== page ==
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Yale J Biol Med. 1992 Mar-Apr;65(2):65-74.

Clinical trials and physicians as double agents.

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  • 1Yale University School of Medicine, New Haven, Connecticut.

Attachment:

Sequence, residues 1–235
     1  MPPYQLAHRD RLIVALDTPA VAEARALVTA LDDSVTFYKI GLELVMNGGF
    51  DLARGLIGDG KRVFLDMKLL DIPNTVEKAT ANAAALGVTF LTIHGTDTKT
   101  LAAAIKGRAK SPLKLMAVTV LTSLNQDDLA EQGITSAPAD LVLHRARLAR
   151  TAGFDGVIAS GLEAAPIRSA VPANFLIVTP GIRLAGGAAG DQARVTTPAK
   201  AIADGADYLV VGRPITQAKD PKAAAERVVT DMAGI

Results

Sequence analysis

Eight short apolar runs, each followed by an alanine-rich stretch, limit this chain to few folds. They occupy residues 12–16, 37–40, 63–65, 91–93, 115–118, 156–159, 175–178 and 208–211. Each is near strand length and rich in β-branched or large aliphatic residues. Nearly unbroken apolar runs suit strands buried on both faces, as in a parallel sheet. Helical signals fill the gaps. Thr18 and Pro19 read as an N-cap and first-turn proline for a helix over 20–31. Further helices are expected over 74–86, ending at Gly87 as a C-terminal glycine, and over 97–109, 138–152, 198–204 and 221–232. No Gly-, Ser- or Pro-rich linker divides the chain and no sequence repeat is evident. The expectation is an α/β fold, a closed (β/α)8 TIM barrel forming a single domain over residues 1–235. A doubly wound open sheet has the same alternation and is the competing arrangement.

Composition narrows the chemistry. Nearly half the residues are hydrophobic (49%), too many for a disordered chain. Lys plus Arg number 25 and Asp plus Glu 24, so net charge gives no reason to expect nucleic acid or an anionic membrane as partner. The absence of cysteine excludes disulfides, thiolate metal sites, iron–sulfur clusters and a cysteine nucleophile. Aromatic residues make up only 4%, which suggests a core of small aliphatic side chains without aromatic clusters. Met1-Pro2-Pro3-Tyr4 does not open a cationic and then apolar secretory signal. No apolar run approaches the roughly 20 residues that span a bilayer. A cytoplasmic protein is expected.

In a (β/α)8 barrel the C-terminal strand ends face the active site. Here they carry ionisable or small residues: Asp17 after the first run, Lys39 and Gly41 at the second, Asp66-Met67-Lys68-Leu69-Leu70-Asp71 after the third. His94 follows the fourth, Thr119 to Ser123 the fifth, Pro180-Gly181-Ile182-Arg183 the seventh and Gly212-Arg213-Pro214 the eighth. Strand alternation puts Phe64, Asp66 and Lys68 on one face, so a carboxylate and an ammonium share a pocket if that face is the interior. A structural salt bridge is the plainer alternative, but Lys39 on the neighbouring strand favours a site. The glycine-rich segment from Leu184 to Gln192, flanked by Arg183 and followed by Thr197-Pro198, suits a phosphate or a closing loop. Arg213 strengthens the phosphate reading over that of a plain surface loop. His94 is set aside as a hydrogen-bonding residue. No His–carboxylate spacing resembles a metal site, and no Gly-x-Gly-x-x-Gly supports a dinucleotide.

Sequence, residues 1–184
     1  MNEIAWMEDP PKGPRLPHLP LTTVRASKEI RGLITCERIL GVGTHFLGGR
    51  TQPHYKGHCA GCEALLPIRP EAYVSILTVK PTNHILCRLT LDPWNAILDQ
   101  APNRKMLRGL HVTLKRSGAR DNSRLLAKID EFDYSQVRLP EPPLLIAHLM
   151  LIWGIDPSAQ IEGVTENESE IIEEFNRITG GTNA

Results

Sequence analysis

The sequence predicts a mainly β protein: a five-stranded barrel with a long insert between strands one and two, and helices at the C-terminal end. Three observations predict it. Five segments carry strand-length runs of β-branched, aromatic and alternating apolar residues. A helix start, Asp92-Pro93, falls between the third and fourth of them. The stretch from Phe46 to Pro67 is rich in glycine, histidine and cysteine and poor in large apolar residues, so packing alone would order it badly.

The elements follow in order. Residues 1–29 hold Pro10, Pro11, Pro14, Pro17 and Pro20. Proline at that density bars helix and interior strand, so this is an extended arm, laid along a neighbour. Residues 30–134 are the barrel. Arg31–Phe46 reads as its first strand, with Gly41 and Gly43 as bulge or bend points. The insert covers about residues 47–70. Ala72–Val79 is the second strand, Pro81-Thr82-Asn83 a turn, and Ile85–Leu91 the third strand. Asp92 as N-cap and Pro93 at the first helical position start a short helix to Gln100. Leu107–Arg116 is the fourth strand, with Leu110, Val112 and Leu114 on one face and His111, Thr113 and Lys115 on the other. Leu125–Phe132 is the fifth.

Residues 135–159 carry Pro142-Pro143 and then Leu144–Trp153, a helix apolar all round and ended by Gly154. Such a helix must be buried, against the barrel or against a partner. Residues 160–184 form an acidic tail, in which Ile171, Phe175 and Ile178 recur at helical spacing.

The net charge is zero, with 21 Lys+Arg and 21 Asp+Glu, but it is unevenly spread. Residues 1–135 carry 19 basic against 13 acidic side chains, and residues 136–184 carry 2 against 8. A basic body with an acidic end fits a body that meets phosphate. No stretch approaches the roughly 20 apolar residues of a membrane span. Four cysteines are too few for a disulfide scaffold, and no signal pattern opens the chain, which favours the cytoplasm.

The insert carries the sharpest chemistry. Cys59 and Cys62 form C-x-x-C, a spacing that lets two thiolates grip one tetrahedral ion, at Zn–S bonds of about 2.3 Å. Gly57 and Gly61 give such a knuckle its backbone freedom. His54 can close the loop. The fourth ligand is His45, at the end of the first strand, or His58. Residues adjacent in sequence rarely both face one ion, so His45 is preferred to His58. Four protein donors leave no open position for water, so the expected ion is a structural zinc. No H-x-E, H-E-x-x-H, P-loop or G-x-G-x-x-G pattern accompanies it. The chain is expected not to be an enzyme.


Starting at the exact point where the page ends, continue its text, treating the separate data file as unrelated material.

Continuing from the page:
Inherent in the dual role of physician-researcher is a conflict of interest arising out of the competing objectives of research and medical practice. Most commentary and policy recommendations on this conflict of interest have focused on the problems that arise in negotiations for informed consent. These are not, however, the only problems presented by this conflict; they are not necessarily even the most important. In order to deal with these problems, several commentators have suggested various procedural safeguards to protect the interests of the patient-subject--for example, separating the roles of physician and researcher, or introducing third parties into the relationship in order to assist in the initial or continuing negotiations for informed consent. In my view, the necessity for special procedural protections of patient-subject interests should be a discretionary judgment of the Institutional Review Board (IRB). In determining the need for special procedural protections for any research protocol, the IRB should consider three factors. To the extent that any one of these or a combination of two or more seems to present a problem, the IRB should consider it increasingly important to recommend special procedural protections: 1. There are serious impairments of the prospective subjects' capacities to consent. 2. The risk of physical or psychological injury presented by procedures done in the interests of research exceeds the threshold of "a minor increment above minimal risk." 3. The protocol is designed to introduce, test, evaluate, or compare therapeutic, diagnostic, or prophylactic maneuvers.

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